The Swan River has been flowing the same course for some sixty million years. This book traces the relationship of European-Australian culture to this ancient river system. This historical narrative is viewed through the lens of schemes proposed for Perth’s foreshore, the city’s symbolic front garden.
The foreshore has been contentious since the first plan for Perth was drawn up, and has subsequently acted as a sinkhole for hundreds of proposals. An investigation of this archaeological stratum of foreshore drawings allows us to understand changing ideas of what Perth was, what it could have been, and indeed what it can be.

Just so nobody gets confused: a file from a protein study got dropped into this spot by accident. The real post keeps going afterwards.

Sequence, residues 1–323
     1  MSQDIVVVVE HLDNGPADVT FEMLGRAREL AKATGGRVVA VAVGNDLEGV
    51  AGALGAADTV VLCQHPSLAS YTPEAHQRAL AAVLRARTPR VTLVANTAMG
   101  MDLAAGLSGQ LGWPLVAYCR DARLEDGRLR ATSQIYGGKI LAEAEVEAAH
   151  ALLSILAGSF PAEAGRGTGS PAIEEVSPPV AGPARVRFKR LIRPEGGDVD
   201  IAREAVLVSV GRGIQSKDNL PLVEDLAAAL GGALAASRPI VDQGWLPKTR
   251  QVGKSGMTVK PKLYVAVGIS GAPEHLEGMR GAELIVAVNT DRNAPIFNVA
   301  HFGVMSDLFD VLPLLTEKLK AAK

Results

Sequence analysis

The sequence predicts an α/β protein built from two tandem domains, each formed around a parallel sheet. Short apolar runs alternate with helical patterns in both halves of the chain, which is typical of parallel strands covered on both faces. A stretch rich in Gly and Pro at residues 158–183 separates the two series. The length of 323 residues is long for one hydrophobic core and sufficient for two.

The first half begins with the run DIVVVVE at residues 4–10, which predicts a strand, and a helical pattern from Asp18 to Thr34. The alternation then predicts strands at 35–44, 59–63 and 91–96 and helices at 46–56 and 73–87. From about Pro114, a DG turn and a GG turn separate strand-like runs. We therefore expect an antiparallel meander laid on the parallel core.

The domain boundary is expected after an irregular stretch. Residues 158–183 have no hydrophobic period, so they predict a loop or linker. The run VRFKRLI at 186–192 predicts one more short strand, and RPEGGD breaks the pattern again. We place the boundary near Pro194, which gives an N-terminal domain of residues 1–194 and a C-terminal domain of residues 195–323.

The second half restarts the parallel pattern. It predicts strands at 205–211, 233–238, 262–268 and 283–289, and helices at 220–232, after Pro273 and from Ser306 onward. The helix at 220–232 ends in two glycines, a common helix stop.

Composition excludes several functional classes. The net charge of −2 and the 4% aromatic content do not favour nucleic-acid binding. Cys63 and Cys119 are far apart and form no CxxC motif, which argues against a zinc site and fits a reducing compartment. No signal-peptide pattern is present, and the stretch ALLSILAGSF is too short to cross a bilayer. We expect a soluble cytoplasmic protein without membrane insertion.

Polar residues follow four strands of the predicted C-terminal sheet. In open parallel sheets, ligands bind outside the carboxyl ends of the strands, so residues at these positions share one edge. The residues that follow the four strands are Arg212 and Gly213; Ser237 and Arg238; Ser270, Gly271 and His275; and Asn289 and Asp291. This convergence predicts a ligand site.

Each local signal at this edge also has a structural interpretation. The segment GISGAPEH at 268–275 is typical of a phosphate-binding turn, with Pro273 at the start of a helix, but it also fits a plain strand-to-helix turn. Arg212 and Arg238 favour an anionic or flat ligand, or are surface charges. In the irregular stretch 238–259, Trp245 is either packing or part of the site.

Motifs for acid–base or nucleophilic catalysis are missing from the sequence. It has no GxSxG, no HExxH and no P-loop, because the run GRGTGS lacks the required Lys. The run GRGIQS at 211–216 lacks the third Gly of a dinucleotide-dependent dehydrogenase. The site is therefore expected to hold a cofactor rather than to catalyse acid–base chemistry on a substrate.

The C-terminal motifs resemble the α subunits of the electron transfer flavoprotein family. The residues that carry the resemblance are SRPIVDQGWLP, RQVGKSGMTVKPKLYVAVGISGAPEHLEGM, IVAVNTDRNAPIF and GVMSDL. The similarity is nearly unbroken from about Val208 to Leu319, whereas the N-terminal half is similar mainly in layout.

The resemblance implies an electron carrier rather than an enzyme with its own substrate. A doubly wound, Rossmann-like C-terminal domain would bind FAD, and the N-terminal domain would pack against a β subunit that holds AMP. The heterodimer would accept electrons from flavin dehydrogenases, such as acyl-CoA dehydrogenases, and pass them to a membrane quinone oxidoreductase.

Won - 2016 Margaret Medcalf Award
Won - 2016 Western Australian Landscape Architecture Awards (Research, Policy and Communication)
Highly Commended - 2016 Bates Smart Award for Architecture in the Media
Praise for Take me to the River:
This fascinating book uncovers hundreds of ‘lost’ proposals for Perth’s foreshore – and sets out a compelling vision for how the city should relate to its river in the 21st century. It is essential reading for those who have a stake in the future of Perth and the Swan River.JANET HOLMES À COURT AC
This is urban scholarship at its best.CATHERIN BULL, LANDSCAPE ARCHITECTURE AUSTRALIA
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